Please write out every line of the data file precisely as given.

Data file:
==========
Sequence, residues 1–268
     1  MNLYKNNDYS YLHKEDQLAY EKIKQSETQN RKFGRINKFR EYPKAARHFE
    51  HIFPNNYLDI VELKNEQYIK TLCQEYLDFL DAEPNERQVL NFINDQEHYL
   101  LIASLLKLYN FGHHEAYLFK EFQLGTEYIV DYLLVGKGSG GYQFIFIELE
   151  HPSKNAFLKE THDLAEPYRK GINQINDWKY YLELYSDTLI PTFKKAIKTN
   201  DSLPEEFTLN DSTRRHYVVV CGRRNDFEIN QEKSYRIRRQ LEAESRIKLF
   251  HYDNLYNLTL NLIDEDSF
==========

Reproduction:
Sequence, residues 1–268
     1  MNLYKNNDYS YLHKEDQLAY EKIKQSETQN RKFGRINKFR EYPKAARHFE
    51  HIFPNNYLDI VELKNEQYIK TLCQEYLDFL DAEPNERQVL NFINDQEHYL
   101  LIASLLKLYN FGHHEAYLFK EFQLGTEYIV DYLLVGKGSG GYQFIFIELE
   151  HPSKNAFLKE THDLAEPYRK GINQINDWKY YLELYSDTLI PTFKKAIKTN
   201  DSLPEEFTLN DSTRRHYVVV CGRRNDFEIN QEKSYRIRRQ LEAESRIKLF
   251  HYDNLYNLTL NLIDEDSF